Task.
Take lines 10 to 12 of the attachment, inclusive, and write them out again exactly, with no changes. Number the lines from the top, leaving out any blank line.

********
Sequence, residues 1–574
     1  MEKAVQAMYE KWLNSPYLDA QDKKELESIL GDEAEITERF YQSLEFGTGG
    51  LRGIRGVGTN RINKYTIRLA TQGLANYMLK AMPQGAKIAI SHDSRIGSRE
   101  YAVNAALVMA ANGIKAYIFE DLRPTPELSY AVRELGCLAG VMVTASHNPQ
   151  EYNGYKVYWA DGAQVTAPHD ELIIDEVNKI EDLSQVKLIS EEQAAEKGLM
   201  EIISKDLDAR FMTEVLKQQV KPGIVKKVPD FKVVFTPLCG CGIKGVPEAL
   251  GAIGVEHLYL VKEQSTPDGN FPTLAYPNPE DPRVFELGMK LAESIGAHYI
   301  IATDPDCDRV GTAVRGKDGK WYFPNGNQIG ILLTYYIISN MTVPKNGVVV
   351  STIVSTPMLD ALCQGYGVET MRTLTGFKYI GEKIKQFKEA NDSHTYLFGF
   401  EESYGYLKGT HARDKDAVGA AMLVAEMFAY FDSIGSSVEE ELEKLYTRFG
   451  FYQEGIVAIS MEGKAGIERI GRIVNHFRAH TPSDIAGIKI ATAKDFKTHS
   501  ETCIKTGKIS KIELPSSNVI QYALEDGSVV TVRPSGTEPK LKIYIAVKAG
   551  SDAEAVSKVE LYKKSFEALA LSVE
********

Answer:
   401  EESYGYLKGT HARDKDAVGA AMLVAEMFAY FDSIGSSVEE ELEKLYTRFG
   451  FYQEGIVAIS MEGKAGIERI GRIVNHFRAH TPSDIAGIKI ATAKDFKTHS
   501  ETCIKTGKIS KIELPSSNVI QYALEDGSVV TVRPSGTEPK LKIYIAVKAG